Bay Ridge banker takes on Assemblyman Brook-Krasny

October 12, 2012 By Paula Katinas Brooklyn Daily Eagle
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Banker takes on Assemblyman Brook-Krasny
A banker making his first try at public office said lowering taxes is the key to fixing New York State’s economy. Tom McCarthy, a Republican who is hoping to unseat Democratic Assemblyman Alec Brook-Krasny in the 46th Assembly District (Bay Ridge-Dyker Heights-Coney Island), said the state ranks 49th in the nation in job creation and that much of the decline is due to high taxes.

“The Democrats are more focused on milking the private sector for what they can get,” McCarthy told the audience at a debate sponsored by the Dyker Heights Civic Association on Oct. 9. Lowering taxes will spur employers to expand their businesses and hire more workers, McCarthy said.

Brook-Krasny, running for his fourth term in the assembly, countered McCarthy’s argument by saying that he, too, likes the idea of lowering taxes and that he voted to do just that. “We decreased taxes for 99 percent of the people in this state,” the incumbent said.

The debate between the two men focused largely on the economy and their backgrounds, as each sought to portray himself as a community-minded person.

Brook-Krasny said he was proud of the state legislature’s passage of New York Works, a $1.6 billion plan to create public-private partnerships that he predicted would lead to job creation. “Public-private partnership is the way to go,” he said.

“I favor public-private partnership,” McCarthy said. “But I would prefer making a better atmosphere to create success.”

McCarthy, a vice president at J.P. Morgan Chase who lives in Bay Ridge, said he is running for assembly because “I really think there’s something lacking in Albany.” As for the incumbent, McCarthy said, “I don’t think he’s part of the solution.”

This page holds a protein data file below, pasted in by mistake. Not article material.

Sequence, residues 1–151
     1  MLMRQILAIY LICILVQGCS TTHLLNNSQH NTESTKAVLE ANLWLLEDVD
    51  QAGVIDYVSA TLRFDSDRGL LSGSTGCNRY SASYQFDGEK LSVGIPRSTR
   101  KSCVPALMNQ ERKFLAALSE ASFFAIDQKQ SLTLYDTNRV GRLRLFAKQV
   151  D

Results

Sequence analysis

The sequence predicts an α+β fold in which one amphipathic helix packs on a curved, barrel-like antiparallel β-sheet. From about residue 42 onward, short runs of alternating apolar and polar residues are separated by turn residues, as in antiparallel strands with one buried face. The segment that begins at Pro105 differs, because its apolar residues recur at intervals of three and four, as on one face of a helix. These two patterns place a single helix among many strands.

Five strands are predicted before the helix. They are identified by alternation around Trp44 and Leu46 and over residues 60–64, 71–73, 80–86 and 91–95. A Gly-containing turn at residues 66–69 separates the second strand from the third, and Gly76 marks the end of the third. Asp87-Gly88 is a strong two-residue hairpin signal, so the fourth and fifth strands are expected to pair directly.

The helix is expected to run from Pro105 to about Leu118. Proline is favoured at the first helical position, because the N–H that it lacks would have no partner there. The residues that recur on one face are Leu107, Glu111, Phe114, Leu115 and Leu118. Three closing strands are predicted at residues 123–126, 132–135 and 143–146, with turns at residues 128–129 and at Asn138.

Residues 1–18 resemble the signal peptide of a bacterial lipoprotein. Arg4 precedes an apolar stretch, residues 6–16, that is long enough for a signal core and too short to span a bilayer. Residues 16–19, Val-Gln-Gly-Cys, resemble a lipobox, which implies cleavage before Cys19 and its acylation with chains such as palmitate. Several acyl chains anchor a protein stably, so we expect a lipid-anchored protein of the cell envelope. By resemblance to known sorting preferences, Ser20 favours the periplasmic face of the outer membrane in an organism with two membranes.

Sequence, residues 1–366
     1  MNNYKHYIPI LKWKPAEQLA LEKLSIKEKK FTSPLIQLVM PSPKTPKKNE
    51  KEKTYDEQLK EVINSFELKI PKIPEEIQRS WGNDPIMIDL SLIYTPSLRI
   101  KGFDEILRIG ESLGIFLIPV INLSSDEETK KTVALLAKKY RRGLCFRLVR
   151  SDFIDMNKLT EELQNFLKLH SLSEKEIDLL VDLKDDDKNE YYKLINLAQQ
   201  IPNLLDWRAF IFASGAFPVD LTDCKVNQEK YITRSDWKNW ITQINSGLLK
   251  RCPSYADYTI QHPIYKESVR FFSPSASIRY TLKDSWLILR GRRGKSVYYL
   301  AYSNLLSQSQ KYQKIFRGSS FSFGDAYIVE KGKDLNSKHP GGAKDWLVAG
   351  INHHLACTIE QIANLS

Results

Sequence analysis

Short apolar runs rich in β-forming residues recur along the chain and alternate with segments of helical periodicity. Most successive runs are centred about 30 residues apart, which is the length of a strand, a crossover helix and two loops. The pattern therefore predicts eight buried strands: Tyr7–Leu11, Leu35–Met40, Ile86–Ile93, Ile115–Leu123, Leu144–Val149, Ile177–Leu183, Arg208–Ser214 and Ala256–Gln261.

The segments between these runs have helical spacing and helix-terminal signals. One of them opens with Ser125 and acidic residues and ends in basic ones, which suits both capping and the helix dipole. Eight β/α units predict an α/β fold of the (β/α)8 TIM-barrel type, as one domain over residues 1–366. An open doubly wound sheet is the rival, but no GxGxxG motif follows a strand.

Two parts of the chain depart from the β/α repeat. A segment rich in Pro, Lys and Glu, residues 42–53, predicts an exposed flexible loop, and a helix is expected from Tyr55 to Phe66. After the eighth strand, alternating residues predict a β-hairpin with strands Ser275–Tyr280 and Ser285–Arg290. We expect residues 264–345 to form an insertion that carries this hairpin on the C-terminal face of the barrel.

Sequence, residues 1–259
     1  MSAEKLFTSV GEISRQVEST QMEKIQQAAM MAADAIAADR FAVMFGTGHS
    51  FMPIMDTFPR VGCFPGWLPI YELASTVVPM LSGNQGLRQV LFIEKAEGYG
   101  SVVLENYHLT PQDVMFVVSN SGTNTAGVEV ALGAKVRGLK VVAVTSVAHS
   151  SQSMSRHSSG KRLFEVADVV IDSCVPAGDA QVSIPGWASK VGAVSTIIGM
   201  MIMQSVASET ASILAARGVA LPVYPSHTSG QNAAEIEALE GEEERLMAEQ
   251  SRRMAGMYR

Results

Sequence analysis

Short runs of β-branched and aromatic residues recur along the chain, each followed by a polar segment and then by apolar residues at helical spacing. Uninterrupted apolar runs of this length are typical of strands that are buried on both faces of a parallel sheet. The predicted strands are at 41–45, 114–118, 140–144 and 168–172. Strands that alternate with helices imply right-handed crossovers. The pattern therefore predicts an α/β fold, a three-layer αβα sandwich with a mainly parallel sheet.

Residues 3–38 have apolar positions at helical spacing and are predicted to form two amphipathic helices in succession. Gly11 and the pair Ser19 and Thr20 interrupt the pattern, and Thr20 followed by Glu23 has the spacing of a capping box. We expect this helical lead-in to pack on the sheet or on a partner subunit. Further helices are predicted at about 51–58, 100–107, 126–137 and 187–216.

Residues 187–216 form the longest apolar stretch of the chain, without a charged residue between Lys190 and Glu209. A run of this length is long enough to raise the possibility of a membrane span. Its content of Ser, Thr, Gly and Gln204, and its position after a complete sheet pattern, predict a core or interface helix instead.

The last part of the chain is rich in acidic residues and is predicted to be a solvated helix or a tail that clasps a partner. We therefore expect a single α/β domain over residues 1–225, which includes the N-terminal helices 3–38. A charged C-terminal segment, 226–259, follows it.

Brook-Krasny said that as a member of the assembly’s Democratic majority, “I can do much more for my community.” But McCarthy argued that the incumbent’s standing in the majority party only means that “he votes 100 percent of the time with (Assembly Speaker) Sheldon Silver.”

Each man tried to appeal to voters at the debate by sharing his personal story.

Brook-Krasny, who emigrated from Russia many years ago to make a life for himself and his family, said “I built a life here in this beautiful country from scratch.” He started a business that catered to children’s parties, became involved in civic life in Coney Island, where he lives, and then decided to go into politics.

McCarthy, a former member of Community Board 10 in Bay Ridge, is active in Saint Anselm’s Church and is a past president of the Cathedral Club, a Catholic organization that raises money for under-privileged people. “I love this neighborhood. I’ve lived here all my life,” he said. McCarthy said he wants his three children to live in the community when they grow up. “And I want their children t raise their families here, too,” he said.

Brook-Krasny said he deserves re-election for his accomplishments in this term.

He voted to increase education funding and worked to increase public safety by sponsoring the so-called “hookah bill” to prohibit the sale of shisha, water pipes and other materials associated with the practice of smoking hookah. On the public safety front, Brook-Krasny said he worked with other elected officials and with community leaders to prevent the Bloomberg Administration from closing 20 firehouses around the city, including one on 79th Street and 12th Avenue in Dyker Heights. “We saved the Castle on the Hill firehouse,” he said, referring to the fire house by its nickname.

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